Friday, September 16, 2011

Chicken Stock for the Soul

Homemade chicken stock...such a simple feat, one would think. But like most of my cooking projects, I begin like I only have one chance to get it right. So I scour multiple trusty cookbooks and websites to see all the variations and methods; flavors and techniques (type A personality, or thorough decide).  And then I usually end up with a combination of ideas from each; of which follows the birth of a Signature Dish.

Here in Italy, we have a beloved little mom&pop restuarant right down the street from the base where we live. Chris and I go there once or twice a month for a margherita pizza and a rotisserie chicken. I don't know how they season their chicken (polli), but we think it's quite magical. I don't know why it didn't occur to me until recently to use the leftover meat and bones to make a stock. I mean, I cook nearly everything in broth since the tap water here is less than stellar. And it would support my goal of having a "no-waste" kitchen!

Here's what I did: (and note, this makes a thick stock, which I like because then if I want a lighter broth I can thin it out with water, or leave it as is for something hearty like chicken chili!)

Chicken Stock for the Soul

  • Bones (with or without meat) from small cooked rotisserie chicken
  • 1 large onion, cut into chunks (doesn't even need to be peeled!)
  • 1 fennel bulb (my first time using fennel)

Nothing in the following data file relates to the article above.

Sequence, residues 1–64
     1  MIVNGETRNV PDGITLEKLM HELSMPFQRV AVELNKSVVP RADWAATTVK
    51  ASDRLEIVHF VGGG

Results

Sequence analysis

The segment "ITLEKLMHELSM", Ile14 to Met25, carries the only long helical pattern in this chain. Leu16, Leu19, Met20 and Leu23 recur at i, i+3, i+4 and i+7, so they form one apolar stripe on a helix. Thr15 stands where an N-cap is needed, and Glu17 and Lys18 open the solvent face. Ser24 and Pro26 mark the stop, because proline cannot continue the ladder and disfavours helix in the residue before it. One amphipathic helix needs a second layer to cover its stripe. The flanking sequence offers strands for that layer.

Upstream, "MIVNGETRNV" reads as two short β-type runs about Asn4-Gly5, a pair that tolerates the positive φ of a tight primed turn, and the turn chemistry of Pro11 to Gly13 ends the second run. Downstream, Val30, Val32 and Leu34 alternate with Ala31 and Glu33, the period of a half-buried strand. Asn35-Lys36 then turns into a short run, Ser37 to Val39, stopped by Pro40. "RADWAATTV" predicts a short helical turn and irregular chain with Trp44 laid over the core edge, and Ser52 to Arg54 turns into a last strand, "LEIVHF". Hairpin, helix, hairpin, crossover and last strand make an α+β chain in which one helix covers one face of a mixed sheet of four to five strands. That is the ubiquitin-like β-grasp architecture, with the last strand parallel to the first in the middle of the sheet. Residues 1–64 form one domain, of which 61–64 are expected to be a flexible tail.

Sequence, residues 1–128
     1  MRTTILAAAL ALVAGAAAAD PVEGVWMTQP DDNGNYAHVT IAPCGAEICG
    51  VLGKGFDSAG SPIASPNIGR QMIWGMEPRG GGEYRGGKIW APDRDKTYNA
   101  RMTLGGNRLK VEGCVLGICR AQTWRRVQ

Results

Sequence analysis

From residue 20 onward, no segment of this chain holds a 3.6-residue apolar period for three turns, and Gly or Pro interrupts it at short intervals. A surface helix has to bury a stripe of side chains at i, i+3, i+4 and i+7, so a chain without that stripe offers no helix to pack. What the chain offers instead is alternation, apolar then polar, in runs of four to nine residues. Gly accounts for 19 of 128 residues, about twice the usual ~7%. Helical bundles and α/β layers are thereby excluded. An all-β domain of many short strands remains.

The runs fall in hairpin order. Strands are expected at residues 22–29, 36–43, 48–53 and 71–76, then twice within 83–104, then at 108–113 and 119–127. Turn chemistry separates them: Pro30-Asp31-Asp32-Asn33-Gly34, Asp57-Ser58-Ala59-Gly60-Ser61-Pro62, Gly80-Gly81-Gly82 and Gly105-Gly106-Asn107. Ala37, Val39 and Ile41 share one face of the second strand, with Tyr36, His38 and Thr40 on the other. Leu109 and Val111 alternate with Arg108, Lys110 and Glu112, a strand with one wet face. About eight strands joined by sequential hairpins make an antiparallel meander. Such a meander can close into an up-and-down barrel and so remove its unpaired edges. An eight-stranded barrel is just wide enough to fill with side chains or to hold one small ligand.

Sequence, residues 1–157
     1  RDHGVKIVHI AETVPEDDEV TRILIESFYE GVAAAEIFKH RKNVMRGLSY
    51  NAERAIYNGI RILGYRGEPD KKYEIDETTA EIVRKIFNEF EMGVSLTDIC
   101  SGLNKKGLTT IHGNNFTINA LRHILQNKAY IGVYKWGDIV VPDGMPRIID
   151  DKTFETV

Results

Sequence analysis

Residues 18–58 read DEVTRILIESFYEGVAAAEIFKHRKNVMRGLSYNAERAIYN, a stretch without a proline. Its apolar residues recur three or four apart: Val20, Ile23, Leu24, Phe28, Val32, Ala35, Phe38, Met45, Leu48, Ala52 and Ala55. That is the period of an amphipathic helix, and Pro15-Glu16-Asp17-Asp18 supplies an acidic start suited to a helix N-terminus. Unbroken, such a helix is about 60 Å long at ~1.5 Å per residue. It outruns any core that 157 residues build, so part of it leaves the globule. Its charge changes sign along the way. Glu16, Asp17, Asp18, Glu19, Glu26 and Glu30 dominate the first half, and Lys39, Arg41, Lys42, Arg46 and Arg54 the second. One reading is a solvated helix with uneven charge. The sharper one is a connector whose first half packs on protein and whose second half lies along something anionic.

• 2 celery stalks, with leaves
  • 3 large carrots, peeled
  • 3 garlic cloves (again, can leave peel on)
  • 8 parsley sprigs
  • 2 Bay leaves
  • a couple shakes of dried thyme
  • 8 cups water
  • 1-2 tsp fresh lemon juice (trust me!)
  • garlic powder (optional)

1. Add chicken bones and onion to pot (no oil needed). Stir around for a few minutes to release flavor and allowing onions to get some color.
2. Add water  and bring to a boil. (I used roughly 7-8 cups, but you could use more if desired)
3. Once boiling, add remainder of ingredients (except lemon juice & garlic powder). Reduce heat & simmer, partly covered, for an hour and 15 mins.
4. When finished, remove from heat and squeeze in 1 or 2 tsp of fresh lemon juice
*I actually ended up adding a few shakes of garlic powder when done also.

Of course this is a very versatile, flexible recipe. However, I found this combo of flavors to be just delightful :) I plan to freeze some, and use the rest for chicken chili and to cook couscous.

I also pureed most of the vegetables (after removing skins, peels and leaves) and made  DELICIOUS vegetable soup. Yum?

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